The launch angle is the vertical angle off the bat the ball is going when it is hit. The more positive the more "fly ball" the more negative the more "ground ball"*** Why does this matter? Well as soon as you hit a ball it begins to lose speed. That loss is made much, much greater if it strikes something along the way, such as, you know, the ground. The end result is that the advantage of exit velocity is muted for groundballs.
This isn't supposed to be another look at Zimm, but
instead a quick look at how to use stats and data. When you look at data
know the limitations and know exactly what you are saying. See if you
can't find more information that will corroborate or go against what you
are trying to say. Zimmerman hits the ball hard. That is all exit
velocity tells us. Now we need to see if he's hitting the ball like everyone else in general and if he's hitting the hard balls in any particular way. If he's hitting like everyone and hitting the hard balls no different than the soft ones then he is probably unlucky in some way. Or at the very least it passes the first tests of this theory.
Well he isn't hitting the ball like everyone else. Nearly half of all his balls in play are ground balls, for one of the higher percentages in the league. Next, if you look at the data, his hardest hits have an extermely low launch angle, and he ranks low on hard hit balls with a high launch angle. I'm going to guess with more digging we'd find that he is among the league leaders in "hard hit balls into the ground" so to speak. These two things suggest Ryan isn't just getting unlucky but is hitting the ball in a different way.
You could view that as a fluke. That it just happens that his contact is off in the same direction every time and it'll even itself out. But I don't. We look for more evidence and we get to something we talked about talked about before; Zimmerman has trouble hitting the ball up in the zone. This is where more line drives and fly balls come from. He doesn't make contact there. He makes contact low. Occasionally he will square up on a pitch and drive it. More often though he will pound a low pitch into the ground. This is what you'd see with almost any player. Zimm is no different.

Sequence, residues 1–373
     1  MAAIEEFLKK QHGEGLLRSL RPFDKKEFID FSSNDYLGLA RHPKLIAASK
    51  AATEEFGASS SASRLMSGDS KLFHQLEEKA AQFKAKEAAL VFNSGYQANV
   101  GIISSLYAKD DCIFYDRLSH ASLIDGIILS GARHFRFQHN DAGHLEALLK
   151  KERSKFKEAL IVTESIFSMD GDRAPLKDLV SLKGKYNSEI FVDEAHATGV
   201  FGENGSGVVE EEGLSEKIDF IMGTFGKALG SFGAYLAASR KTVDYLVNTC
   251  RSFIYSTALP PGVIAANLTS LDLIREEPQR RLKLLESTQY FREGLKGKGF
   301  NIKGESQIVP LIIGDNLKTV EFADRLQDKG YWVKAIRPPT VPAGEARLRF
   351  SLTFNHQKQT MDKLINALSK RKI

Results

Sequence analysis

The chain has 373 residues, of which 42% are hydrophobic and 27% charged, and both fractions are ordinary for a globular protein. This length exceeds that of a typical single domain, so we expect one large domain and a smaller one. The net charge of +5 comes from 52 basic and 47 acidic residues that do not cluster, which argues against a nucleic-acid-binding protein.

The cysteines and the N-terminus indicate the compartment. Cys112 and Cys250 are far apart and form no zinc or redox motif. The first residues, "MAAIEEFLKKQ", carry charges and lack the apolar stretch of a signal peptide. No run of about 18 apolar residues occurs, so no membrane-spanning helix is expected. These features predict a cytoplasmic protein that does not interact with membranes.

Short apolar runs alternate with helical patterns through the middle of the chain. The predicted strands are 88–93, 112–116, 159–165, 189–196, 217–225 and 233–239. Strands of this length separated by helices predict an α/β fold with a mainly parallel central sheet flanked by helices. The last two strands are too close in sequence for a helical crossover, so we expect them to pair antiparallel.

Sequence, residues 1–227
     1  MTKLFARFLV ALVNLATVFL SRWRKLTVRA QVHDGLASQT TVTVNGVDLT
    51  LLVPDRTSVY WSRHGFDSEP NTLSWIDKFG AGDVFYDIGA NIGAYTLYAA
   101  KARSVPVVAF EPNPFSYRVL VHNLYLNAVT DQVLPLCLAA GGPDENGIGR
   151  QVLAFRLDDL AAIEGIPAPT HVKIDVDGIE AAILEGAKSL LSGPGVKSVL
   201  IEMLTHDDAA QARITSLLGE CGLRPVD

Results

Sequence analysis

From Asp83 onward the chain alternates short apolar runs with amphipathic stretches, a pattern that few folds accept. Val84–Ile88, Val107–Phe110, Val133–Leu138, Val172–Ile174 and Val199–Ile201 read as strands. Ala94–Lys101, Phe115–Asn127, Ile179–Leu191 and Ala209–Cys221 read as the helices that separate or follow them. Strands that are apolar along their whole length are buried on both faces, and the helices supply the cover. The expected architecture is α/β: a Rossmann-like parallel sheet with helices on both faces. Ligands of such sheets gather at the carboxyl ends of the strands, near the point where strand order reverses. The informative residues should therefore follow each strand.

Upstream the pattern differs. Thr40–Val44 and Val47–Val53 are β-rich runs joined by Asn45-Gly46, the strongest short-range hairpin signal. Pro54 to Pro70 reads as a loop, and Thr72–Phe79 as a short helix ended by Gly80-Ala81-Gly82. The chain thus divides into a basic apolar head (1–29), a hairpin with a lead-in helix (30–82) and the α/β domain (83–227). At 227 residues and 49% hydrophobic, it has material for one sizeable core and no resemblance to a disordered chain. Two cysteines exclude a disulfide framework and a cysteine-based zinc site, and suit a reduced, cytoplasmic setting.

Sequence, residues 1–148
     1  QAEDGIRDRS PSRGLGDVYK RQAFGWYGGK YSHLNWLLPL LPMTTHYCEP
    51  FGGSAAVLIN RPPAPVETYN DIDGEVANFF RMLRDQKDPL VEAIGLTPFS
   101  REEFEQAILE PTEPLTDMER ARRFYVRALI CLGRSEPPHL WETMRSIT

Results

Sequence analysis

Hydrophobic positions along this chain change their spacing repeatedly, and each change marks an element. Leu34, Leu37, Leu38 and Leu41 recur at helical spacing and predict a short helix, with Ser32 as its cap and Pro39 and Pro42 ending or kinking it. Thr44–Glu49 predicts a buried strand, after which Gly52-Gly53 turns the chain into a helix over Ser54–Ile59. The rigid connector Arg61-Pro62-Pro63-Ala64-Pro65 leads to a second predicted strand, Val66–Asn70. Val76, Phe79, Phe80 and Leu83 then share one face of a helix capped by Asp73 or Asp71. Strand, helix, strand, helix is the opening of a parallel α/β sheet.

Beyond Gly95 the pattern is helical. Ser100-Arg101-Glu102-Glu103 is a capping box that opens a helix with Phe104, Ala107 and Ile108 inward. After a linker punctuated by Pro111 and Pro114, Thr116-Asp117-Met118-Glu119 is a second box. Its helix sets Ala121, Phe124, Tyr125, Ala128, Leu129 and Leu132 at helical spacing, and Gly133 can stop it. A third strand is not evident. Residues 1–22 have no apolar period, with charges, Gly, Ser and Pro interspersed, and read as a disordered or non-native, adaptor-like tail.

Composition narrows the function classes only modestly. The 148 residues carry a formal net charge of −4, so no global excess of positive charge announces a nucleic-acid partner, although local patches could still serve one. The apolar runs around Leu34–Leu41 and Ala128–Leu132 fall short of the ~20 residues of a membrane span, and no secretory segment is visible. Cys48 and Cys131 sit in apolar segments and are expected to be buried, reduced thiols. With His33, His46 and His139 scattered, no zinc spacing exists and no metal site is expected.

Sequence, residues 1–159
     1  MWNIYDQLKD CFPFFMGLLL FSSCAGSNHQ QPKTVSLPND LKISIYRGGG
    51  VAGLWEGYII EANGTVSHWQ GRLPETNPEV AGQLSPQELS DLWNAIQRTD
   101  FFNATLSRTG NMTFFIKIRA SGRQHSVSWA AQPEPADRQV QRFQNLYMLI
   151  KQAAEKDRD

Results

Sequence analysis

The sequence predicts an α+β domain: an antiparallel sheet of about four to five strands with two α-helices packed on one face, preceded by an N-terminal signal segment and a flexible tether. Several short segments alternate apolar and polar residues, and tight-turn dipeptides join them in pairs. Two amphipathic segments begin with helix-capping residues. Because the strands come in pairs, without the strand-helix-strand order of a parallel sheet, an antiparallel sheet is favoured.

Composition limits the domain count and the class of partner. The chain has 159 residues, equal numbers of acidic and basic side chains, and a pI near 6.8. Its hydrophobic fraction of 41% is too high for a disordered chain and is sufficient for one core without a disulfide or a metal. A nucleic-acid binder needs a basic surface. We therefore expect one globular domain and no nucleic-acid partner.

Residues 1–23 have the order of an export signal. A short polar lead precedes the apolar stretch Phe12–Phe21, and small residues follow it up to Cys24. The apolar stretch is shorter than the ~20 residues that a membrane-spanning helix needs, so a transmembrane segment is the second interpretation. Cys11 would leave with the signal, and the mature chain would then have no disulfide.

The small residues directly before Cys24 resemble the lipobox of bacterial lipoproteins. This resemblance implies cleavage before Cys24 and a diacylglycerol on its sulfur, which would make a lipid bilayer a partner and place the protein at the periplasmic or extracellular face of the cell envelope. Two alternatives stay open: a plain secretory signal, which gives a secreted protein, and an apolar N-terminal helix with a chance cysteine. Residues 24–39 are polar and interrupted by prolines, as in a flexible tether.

I don't claim to have made an exhaustive look at Zimmerman, not now or before. It's certainly possible I'm missing something here. Perhaps if I look deeper we won't see him leading in hard hit grounders. Perhaps it has more to do with pitch type or pitch speed than pitch location and it is just mixed all up in there. These are the further analysis you assume teams are doing on every player. However, I hope you see from this how just using one stat can be misleading. Zimm hitting the ball hard or not, is probably not just unlucky.
*Did you know Ynoa gave up 2 runs in 2 IP last night and LOWERED his ERA? No even just by a little. By almost 4 runs! Yeah, Collins waved the white flag there.
**Note that this data is still incomplete and has known flaws in measurement. It's best used only in a broad sense
***It is not a simple as positive = fly ball though - the ball of course will immediately start to drop (gravity!) so you actually have to hit it around 10 degrees to get a line drive type hit. And if you hit it too positive, say over 45/50 degrees, it's "too high". Those are generally pop-ups.